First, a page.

S.P.Corder in 1970 established the field of Error Analysis .Most of the problems faced by learners was due to wrong inferences made about the rules. It has been observed that errors are systematic, while mistakes are not so. Errors may be omissive, additive or substitutive. In language level errors may be phonological errors, vocabulary errors, lexical errors and syntactic errors. The degree of these errors depends on the degree of interference with the communication. Global errors make words or utterances difficult to understand. By analysing the error, learners speaking and writing can be dealt with effectively but the listening and reading errors cannot be handled. It is for this reason and the avoidance strategies of the learner that these error analysis methods are still under consideration.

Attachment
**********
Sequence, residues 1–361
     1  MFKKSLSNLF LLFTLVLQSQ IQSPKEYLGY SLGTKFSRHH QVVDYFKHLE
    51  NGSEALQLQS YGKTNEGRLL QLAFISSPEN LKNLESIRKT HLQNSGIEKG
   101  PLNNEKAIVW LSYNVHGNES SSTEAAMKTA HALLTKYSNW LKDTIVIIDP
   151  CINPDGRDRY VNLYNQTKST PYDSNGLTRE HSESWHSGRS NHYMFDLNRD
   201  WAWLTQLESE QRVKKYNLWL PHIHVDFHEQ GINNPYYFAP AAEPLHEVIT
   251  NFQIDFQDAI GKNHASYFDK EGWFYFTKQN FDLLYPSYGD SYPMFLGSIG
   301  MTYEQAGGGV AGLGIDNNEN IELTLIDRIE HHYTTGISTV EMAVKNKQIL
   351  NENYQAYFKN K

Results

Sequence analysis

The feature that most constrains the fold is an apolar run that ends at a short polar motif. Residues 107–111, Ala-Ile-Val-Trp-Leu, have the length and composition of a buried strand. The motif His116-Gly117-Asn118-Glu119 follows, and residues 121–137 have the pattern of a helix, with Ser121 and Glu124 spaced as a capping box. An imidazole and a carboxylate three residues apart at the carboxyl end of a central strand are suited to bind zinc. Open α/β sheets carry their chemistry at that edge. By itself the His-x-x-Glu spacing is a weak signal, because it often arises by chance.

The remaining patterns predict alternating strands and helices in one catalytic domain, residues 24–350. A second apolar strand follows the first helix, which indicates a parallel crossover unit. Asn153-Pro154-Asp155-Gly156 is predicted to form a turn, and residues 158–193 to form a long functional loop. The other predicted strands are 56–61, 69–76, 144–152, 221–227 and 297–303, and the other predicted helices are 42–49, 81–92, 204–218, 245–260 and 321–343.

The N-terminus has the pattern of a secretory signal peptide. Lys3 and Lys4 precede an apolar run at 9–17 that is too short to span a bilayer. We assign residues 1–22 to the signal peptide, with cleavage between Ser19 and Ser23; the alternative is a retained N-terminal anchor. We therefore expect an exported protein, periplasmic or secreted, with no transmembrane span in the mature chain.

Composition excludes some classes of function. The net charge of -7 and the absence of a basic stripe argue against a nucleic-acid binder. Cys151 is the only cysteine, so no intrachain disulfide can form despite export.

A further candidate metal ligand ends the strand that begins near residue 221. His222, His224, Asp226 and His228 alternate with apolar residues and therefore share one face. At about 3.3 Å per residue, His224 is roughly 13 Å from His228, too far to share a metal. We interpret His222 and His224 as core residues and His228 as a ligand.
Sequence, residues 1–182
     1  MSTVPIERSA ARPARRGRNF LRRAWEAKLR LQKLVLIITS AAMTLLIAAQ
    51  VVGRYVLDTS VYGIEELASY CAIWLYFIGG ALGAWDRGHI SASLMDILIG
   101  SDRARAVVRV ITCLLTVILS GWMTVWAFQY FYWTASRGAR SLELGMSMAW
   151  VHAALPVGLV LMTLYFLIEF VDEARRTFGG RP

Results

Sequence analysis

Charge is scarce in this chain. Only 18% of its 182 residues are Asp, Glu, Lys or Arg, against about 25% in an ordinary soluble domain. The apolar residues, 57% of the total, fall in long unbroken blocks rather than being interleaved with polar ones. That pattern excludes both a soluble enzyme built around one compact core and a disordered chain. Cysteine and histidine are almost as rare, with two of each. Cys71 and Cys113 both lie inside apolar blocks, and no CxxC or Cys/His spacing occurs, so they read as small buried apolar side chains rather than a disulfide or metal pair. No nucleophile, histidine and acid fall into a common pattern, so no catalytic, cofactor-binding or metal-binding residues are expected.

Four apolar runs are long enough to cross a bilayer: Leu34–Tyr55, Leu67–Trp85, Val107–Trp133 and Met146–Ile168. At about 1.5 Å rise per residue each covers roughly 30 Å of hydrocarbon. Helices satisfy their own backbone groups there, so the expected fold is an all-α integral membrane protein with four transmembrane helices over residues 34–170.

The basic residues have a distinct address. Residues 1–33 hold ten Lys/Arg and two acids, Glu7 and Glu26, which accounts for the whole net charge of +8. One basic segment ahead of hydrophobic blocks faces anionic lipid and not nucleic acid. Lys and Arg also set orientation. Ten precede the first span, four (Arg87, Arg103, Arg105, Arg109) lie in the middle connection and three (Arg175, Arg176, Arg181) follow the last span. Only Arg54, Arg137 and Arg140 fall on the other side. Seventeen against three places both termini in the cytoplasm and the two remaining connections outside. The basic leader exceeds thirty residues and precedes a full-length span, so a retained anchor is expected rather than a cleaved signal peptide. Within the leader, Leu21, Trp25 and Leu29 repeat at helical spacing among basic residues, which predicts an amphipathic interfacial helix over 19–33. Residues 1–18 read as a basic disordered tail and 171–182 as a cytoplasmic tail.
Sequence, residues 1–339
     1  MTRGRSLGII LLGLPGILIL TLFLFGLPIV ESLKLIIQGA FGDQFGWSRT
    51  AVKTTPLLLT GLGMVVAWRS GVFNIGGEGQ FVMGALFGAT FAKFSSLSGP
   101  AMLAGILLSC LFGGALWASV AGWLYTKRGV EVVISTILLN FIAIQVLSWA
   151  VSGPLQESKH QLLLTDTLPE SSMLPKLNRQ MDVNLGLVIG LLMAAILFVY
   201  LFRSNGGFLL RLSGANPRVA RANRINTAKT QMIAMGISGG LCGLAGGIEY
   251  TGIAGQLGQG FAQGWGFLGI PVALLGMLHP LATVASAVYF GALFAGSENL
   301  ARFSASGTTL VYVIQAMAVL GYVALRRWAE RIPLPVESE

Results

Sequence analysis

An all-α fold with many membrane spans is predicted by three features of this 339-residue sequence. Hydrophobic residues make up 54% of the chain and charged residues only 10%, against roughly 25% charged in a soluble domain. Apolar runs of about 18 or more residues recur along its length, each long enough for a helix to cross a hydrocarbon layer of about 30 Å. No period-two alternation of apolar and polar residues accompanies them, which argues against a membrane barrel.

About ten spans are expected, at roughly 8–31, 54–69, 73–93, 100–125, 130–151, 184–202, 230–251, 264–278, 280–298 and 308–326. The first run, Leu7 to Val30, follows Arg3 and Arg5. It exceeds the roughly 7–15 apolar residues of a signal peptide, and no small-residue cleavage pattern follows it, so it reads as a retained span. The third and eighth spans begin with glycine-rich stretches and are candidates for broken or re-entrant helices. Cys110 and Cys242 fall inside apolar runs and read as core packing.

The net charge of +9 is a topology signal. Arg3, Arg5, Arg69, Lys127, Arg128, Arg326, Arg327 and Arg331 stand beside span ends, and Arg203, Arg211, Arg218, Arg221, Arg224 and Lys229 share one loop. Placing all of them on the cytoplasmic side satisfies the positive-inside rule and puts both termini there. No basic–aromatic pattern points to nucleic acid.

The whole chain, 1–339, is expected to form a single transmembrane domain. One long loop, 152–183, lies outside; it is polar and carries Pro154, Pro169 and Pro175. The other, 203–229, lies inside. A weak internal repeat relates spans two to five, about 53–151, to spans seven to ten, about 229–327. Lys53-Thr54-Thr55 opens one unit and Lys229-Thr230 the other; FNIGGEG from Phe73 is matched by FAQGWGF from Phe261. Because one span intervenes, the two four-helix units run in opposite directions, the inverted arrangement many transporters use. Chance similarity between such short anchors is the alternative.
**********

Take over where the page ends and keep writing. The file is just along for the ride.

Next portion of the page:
Anna Marina ,do Val Barros (2003). Pronunciation Difficulties in the Consonant System

Experienced by Arabic Speakers when learning English after the age of puberty, Eberly college of Arts and Science, West Virginia University.

Altaha , F.(1995).Pronunciation  errors made by Saudi university students learning English :analysis and remedy. ITL: Review of applied linguistics,109- 123.

Australian  Government (1978). English a new language: likely difficulties of English pronunciation for Arabic speakers (p.1-43).

Avery, P.,& Ehrlich ,S.(1992) .Teaching American English Pronunciation. Oxford University Press.

Kharma ,N. ,& Hajjaj, A.(1989) .The sound system. Errors in English among Arabic speakers (p .11-19) Alfred Place, London.

Lenneberg , E..(1967). Biological foundations of language. Wiley,New york.

Marzouk, G. (1993). Some aspects of phonological transfer from Arabic to English. Journal of the Irish Association for applied Linguists, (p13 – 40).

Murcia, M. , Brinton, D. , & Goodwin J. (1996). Teaching pronunciation. Cambridge University Press

Gahleeb Rababah & Paul Seedhouse, Communication Strategies and Message Transmission with Arab Learners of English in Jordan. University of Newcastle upon Tyne . Arecls E-Journal Vol 1, Nov 2004.